Drying herbs is not very difficult considering that it's the best way to save the herbs you've spent all summer growing. There are several methods you can use to dry herbs, from leaving the herbs undisturbed for a few days to speeding up the process by using a microwave. Herbs that have a low moisture content to start with, such as oregano and sage, dry the best. If you try to dry herbs such as basil or cilantro, you may be disappointed with the loss of flavor.
To get the most flavor from your dried herbs, dry varieties that have long stems, such as sage, oregano, mint and thyme. Pick the herbs in the morning, which is when the plants have the greatest amount of essential oils. For best results, don't pick the herbs on a day that is cool or humid. You want a hot, dry day for harvesting the herbs. Pick the leaves before the plant has a chance to produce blooms for the best flavor.
Don't let the leaves of the herbs bruise or become damaged when you pick them. Rinse the just-picked leaves under water, then use a spinner to dry or gently shake to remove the excess water. Don't let the leaves sit around for a long period of time after picking and don't leave them in direct sunlight.
The most hands-off method of drying herbs is to gather them into a bunch and place in a paper bag. Leave the herbs on the stems and tie the stems together with a piece of twine or an elastic band, as if you were creating a bouquet. Hang the paper bag in a dark area to dry the herbs. A kitchen cabinet works well, as does a dry attic. If you have a fireplace, hang the herbs there, as long as it is not in use. You can try to dry the herbs outdoors, but they retain their flavor better when dried inside.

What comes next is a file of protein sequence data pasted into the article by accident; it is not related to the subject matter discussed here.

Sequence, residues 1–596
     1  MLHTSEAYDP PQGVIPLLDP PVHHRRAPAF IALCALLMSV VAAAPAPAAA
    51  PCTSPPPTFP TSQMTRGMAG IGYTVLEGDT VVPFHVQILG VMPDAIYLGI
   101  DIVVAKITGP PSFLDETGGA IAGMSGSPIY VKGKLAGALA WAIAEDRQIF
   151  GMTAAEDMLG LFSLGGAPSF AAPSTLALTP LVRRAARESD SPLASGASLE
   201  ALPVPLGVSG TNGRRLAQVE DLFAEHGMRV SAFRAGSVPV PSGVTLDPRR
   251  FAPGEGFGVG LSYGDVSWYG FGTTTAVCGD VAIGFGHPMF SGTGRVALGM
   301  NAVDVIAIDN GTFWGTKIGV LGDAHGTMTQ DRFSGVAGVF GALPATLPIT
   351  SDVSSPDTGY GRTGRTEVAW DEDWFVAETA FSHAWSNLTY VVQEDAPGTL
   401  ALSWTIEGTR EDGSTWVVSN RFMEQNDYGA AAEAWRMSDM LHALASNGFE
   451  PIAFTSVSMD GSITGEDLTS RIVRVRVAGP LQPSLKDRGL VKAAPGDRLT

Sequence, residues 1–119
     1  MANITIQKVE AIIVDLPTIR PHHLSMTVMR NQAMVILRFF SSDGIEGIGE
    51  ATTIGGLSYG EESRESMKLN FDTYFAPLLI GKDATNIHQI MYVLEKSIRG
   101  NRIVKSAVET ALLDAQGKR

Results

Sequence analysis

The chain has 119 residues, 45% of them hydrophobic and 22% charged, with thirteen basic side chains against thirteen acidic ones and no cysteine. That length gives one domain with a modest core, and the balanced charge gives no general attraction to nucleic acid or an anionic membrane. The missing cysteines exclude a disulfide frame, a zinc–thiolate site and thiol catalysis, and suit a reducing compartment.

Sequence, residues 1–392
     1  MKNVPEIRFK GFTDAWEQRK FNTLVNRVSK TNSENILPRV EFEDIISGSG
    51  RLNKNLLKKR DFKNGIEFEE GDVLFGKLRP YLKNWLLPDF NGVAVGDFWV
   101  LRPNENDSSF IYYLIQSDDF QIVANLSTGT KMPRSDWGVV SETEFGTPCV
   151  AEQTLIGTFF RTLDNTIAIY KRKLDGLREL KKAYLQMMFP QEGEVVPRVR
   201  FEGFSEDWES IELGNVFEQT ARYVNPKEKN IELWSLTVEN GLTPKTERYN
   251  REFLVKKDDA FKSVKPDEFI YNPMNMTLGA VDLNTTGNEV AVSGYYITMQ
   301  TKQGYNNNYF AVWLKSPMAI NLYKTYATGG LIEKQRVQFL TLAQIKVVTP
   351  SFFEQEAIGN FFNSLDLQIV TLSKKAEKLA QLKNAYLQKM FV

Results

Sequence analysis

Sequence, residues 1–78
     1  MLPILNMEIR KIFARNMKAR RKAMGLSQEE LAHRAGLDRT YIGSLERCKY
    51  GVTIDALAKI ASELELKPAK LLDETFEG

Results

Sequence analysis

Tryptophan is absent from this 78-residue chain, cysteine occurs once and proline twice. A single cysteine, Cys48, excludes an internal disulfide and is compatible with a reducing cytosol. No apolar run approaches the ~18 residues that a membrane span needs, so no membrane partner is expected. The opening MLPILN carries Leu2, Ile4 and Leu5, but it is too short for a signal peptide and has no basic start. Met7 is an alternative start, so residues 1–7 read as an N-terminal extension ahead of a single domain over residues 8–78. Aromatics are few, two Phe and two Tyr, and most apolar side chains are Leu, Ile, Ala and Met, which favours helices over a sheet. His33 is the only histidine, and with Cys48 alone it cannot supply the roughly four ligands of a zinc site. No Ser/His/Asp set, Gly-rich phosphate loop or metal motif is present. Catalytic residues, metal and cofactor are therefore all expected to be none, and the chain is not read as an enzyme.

You can also use a standard oven to dry herbs such as mint or oregano. Separate the herbs from the stems and spread the leaves on a paper towel-lined baking sheet. The leaves don't have to be in a single layer. Cover with another towel, then place in a warm oven overnight. Use a pilot light or the light bulb in the oven to provide some heat. You can also turn the oven on to 250 degrees Fahrenheit for an hour before you put the herbs in. Turn the oven off, then place the herbs inside.
Microwaving herbs is the fastest way to dry them, but also has the greatest risk. The herbs can burn or even cause a fire if you do not keep an eye on them. Place a few stems of herbs on a paper towel-lined, microwave-safe plate and top with another paper towel. The towels help pull moisture away from the herbs. Microwave for 30 seconds, then feel the herbs. Keep microwaving for 30 second intervals until the herbs are crispy and dry.
Dried herbs keep for up to a year. To preserve the flavor, store them in a cool, dark place. Don't crumble the leaves until just before you intend to use the herbs to lock in the flavor.